Date of Degree
MS (Master of Science)
First Committee Member
Second Committee Member
A computational study on two-dimensional laminar premixed combustion has been conducted. A working model was developed that fully coupled a comprehensive chemical kinetic mechanism with computational fluid dynamics in the commercial software program FLUENT. The physical model for the simulations consisted of an adiabatic tube with a constant velocity inlet and an atmospheric pressure outlet. For all cases, the flame waves were shown to be stabilized by the developing boundary layer near the inlet.
The combustion of methane with air was studied in depth and compared with the combustion of three different biofuels: landfill gas and two varieties of syngas. Additionally, combustion with a mixture of O2 and CO2 as an oxidizer was proposed as a way to facilitate carbon dioxide capture and sequestration. Flames produced by this combustion technique were then compared with traditional combustion oxidized with air.
Results for methane combustion compared closely with experimental work and one-dimensional numerical work in predicting flame shape, laminar flame speed, and flame thickness. It was shown that the presence of the tube wall affected the flame thickness, but not the laminar flame speed, at sufficiently high inlet velocities. The results from the combustion of landfill gas showed that its laminar flame speed is lower than methane but that its flame shape is similar in nature to that of methane. Simulations of syngas combustion proved to be troublesome for the computational model, which struggled to converge to reasonable solutions, indicating that more work is needed with the numerical modeling method. Results from combustion simulations with the O2/CO2 oxidizer revealed that the flame characteristics were affected by the lower thermal diffusivity of the oxidizer, resulting in lower laminar flame propagation speeds and thicker combustion waves. The flame shape remained similar to combustion oxidized with air.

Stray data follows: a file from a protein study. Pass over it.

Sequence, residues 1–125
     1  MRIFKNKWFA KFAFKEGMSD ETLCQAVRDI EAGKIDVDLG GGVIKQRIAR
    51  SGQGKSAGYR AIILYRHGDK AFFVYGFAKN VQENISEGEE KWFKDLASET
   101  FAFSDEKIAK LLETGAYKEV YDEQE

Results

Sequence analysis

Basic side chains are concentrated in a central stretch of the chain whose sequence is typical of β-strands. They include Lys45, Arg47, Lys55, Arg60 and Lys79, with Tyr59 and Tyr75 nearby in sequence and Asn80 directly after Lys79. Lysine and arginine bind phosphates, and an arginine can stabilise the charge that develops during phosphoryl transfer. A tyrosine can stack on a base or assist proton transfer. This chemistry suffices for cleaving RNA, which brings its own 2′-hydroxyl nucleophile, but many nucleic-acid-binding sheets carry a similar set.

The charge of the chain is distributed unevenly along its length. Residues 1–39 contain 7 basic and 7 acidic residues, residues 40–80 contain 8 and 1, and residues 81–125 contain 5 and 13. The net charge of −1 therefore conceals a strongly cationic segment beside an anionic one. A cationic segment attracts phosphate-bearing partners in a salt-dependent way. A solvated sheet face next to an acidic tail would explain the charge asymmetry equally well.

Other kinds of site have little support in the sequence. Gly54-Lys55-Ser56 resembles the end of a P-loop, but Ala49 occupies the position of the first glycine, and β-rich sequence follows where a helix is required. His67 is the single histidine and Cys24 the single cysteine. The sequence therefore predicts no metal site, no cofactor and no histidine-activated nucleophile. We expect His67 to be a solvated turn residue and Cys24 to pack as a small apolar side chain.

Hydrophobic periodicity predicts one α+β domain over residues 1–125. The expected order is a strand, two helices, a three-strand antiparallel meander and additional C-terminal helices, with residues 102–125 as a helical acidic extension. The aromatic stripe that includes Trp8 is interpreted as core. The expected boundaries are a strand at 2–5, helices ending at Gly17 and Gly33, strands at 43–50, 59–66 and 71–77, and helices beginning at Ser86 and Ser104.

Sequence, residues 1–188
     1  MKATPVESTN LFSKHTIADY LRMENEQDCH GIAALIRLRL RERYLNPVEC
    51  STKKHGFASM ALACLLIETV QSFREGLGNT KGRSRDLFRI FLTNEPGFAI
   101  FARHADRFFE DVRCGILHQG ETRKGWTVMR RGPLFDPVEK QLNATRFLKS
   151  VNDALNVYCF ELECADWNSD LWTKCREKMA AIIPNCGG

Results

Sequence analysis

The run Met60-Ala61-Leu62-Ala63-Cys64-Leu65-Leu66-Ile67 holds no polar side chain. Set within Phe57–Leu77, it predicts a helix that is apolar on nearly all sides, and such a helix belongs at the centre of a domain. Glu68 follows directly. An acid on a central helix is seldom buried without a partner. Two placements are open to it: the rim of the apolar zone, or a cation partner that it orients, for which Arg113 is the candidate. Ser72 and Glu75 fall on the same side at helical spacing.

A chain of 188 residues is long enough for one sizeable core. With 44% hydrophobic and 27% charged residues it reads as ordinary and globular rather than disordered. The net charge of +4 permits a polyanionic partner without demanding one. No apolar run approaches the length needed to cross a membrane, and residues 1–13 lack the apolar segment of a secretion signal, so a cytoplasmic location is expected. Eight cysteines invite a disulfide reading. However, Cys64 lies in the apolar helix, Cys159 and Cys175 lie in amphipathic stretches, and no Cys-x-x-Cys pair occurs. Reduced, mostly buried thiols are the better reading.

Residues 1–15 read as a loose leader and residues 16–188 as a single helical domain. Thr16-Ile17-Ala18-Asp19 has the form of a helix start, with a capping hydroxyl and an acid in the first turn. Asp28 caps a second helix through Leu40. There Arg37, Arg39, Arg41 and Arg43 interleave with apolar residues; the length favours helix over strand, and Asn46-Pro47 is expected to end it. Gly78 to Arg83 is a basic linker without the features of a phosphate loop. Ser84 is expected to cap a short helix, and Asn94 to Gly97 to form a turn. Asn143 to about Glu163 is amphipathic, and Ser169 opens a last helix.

x, 80 pages
Includes bibliographical references (pages 78-80).
Copyright 2010 Kevin Robert Langan